Apple CEO: We rejected DOJ settlement in e-book suit

With an impending trial in June, Apple CEO Tim Cook maintains that the company had nothing to do with facilitating a conspiracy to raise prices of e-books.

Dara Kerr Former senior reporter
Dara Kerr was a senior reporter for CNET covering the on-demand economy and tech culture. She grew up in Colorado, went to school in New York City and can never remember how to pronounce gif.
Dara Kerr
2 min read
As the chief of the last company standing in the upcoming lawsuit over e-book price fixing, Apple CEO Tim Cook said Tuesday that the company never had any plans to settle with the government.

"We're not going to sign something that says we did something that we didn't do, so we're going to fight," Cook said during an interview at the D11 conference on Tuesday.

He noted that Apple rejected a settlement because it was asked to sign a document that said it did something wrong. Cook said he didn't think Apple did anything wrong in that matter.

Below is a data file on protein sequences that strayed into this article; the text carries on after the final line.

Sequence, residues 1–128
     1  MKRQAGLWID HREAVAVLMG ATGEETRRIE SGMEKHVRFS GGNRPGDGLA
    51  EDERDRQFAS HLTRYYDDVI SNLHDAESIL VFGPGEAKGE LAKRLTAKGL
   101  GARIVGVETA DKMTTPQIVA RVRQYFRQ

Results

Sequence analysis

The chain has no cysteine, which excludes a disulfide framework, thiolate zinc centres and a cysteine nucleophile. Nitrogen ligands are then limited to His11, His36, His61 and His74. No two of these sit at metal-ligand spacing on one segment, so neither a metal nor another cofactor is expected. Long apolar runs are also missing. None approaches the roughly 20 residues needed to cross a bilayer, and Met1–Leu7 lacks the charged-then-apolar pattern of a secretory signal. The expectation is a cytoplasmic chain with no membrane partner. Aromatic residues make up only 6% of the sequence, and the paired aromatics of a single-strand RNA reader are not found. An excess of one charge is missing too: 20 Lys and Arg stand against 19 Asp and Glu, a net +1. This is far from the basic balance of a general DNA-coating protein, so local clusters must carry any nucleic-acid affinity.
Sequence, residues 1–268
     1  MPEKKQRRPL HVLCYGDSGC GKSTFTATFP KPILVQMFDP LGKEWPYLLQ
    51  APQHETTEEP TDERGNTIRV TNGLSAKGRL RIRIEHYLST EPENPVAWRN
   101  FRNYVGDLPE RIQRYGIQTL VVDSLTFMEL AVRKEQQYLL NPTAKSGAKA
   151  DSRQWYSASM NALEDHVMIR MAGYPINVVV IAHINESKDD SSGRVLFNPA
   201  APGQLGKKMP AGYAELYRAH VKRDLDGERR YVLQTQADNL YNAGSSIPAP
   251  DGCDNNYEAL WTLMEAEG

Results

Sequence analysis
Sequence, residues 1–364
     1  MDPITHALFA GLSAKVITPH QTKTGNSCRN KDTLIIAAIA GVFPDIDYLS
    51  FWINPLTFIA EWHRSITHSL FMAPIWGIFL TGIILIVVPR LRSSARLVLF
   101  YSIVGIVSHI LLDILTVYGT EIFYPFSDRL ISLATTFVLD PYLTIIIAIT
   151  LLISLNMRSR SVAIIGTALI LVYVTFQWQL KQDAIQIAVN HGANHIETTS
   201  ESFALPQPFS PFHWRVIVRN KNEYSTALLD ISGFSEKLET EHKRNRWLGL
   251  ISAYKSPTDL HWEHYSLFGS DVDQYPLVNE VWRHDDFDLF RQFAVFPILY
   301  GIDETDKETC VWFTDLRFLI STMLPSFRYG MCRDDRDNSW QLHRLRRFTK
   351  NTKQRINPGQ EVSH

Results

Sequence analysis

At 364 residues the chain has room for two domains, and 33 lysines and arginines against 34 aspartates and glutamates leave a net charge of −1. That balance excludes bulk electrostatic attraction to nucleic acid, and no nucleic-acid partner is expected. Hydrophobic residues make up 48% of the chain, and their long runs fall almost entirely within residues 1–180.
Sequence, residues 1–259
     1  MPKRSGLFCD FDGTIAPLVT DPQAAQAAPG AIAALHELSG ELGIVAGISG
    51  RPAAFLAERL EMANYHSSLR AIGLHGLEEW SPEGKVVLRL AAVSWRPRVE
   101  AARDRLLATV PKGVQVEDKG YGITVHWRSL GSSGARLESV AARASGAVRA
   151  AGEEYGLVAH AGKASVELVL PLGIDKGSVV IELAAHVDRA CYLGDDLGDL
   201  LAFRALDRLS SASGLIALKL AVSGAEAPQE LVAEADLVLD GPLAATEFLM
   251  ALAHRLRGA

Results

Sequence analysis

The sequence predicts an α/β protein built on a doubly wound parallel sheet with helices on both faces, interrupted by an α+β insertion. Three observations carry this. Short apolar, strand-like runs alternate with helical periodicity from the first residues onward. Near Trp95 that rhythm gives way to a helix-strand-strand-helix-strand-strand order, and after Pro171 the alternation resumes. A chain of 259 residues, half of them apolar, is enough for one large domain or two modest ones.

The Justice Department filed the antitrust lawsuit against Apple and five book publishers in April 2012. The government accused Apple and the publishers of conspiring to illegally fix e-book prices to boost profits and force e-book rival Amazon to abandon its discount pricing.

All five of the publishers involved -- Hachette Book Group, HarperCollins Publishers, Simon & Schuster (owned by CBS, which publishes CNET), Macmillan Publishers, and Penguin Group -- have now settled. The most recent publisher to fully settle was Penguin, which agreed to pay $75 million to bring an end to the long-running complaints brought by many states and private class plaintiffs.

In a pretrial hearing for the antitrust lawsuit last week, the judge presiding over the case said that she believed the Justice Department will be able to show direct evidence that Apple "facilitated a conspiracy to raise prices of e-books." But, she also said that no final decision would be made until after the trial.

With Apple being the only company left in the lawsuit, there has most likely been pressure for it settle too. However, as Cook made clear in the interview Tuesday, he maintains that Apple didn't take part in any wrongdoing and that no collusion with the book publishers took place.

If the case does go to court, Cook will have to testify. The trial is set to start on June 3.